How to Propagate Strawberries
One cool thing about strawberries is that, once you plant them, they tend to multiply quite easily. If you don’t prune your strawberries, you’ll end up with new strawberry plants all over the place. Though I recommend pruning for the best yields, you can also leave some runners to propagate your own strawberry crowns.

What are Runners?

Runners are simply long stems from a mother plant that grow into new baby plants. If left to grow, these runners can root and grow into new plants. This is how strawberries become “matted” into a ground cover in the wild.

However, because plants put so much energy into producing new plants from runners, they typically yield less fruit. If you want to propagate your own strawberries without risking fruit loss, I recommend pruning the runners of all but a few plants.

You can allow the runners of the remaining plants to root and then cut the runner from the mother plant (sort of like an umbilical cord) to allow it to fully establish its roots. Then, these new plants can be dug up and replanted in other areas of the garden to allow for proper spacing and promote more vigor.

Bare Root vs. Plugs
Bare root strawberry crowns are the most common method for planting strawberries. This propagation material is exactly what it sounds like: you receive the barren roots of the crowns without any soil attached. These crowns have been dug up from mother strawberry plants, washed, refrigerated, and shipped to you or a garden store.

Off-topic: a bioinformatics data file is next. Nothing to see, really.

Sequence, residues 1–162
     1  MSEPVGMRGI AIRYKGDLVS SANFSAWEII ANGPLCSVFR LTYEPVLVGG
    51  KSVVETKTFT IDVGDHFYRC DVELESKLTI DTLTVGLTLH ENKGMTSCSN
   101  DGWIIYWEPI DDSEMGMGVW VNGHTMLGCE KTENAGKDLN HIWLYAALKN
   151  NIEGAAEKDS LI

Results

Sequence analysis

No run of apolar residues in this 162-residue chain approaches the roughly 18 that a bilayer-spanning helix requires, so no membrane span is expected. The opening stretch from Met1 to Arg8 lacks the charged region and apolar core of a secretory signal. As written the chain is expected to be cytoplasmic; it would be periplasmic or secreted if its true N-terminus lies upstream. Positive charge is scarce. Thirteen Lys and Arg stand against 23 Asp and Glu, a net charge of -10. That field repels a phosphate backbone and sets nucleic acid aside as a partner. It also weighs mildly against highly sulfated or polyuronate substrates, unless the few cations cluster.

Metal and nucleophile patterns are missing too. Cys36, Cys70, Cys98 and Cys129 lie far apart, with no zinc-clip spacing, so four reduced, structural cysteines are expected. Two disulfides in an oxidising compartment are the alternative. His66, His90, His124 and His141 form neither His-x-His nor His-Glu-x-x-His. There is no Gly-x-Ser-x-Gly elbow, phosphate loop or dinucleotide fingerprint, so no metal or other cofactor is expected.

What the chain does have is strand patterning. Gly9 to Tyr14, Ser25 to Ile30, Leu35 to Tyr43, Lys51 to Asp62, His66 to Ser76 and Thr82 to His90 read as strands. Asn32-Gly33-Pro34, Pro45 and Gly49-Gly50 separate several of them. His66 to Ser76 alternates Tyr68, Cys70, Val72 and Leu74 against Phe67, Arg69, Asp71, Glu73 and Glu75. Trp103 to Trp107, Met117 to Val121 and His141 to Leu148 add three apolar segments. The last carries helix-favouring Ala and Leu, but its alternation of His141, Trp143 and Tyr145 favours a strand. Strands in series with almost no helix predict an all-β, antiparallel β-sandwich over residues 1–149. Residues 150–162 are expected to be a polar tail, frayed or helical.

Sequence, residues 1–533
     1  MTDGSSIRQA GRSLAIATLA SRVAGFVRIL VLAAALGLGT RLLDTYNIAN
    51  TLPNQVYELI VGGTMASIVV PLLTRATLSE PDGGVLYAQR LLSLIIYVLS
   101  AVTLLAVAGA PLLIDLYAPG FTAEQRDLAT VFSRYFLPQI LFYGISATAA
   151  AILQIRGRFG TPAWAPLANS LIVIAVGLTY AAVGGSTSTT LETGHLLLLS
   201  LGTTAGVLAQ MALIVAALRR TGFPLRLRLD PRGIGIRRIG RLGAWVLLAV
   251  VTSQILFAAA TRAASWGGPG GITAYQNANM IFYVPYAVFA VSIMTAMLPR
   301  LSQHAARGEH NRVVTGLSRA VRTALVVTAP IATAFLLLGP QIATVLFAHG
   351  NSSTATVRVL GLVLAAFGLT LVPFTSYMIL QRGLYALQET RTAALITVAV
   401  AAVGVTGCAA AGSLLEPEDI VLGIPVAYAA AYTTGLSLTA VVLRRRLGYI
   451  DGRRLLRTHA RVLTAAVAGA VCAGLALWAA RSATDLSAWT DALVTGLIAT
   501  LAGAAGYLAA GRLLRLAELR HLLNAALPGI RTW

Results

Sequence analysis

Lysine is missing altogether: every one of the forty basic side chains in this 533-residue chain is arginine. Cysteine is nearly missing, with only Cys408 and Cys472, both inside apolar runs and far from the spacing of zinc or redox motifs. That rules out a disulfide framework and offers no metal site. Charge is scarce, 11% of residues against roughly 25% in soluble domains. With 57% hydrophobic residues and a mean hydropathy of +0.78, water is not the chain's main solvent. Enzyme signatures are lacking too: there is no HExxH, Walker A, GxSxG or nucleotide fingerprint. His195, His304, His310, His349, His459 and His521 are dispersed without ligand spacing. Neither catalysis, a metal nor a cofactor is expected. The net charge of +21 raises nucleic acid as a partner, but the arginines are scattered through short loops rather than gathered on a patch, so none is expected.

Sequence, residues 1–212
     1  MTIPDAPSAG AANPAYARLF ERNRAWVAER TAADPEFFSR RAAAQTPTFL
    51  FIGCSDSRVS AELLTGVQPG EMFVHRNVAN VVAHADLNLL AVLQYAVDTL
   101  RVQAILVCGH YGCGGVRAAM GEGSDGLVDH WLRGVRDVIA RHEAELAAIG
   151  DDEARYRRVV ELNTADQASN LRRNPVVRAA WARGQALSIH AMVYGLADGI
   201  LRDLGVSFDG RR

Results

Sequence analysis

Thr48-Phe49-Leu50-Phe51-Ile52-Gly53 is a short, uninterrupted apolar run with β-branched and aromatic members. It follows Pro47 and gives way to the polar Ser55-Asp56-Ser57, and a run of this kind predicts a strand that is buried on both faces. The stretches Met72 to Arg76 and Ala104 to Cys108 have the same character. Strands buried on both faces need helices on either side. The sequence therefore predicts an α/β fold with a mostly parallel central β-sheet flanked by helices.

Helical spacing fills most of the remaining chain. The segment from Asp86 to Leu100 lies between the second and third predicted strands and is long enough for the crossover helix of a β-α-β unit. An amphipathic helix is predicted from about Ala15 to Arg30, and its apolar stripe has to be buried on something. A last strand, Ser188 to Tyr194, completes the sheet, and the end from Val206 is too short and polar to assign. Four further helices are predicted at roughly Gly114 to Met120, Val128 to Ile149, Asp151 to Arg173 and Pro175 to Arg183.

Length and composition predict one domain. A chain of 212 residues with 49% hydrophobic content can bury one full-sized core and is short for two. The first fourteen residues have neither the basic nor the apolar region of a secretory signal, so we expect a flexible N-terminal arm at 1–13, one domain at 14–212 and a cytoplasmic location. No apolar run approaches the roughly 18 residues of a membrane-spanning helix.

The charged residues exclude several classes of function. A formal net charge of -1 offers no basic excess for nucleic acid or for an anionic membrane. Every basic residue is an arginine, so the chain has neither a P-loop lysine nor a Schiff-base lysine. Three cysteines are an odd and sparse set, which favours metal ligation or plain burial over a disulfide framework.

On the other hand, strawberry plugs are more similar to the vegetable seedlings you are used to purchasing in stores. These strawberry plants have been rooted in soil and arrive to you in a potted container with soil or another growing medium.

Planting strawberries is a fun and easy activity for gardeners of all ages. Unlike planting seeds, strawberry crowns don’t require as much precision with spacing and irrigation. However, they do require special attention to detail regarding the depth of planting.

When to Plant
To understand how to plant strawberries, we must first return to the lifecycle of these unique plants. As hardy herbaceous perennials, strawberries die back in the winter and grow back vigorously when the weather warms again in the spring. Though their leaves appear dead, the crowns and roots are still hard at work growing and maturing beneath the surface.

Strawberries can be planted in the spring or fall depending on your growing zone and the variety of strawberries you choose.

Some strawberry cultivars (June-bearers) spend the first year getting established and don’t begin fruiting until spring of their second year. Sometimes gardeners will even remove any flowers and fruit from these establishing plants so that they put their energy into the roots. Their patience is rewarded in the second year with abundant flushes of fruit around June.

Other varieties called day-neutrals will root and fruit in the first year of growth. These are often grown as annuals in commercial production systems. Though they could continue growing in their second and third season, the production peeters off and it is often easier to manage weeds and disease by replanting each year. We’ll cover more details of each type below.

Northern Zones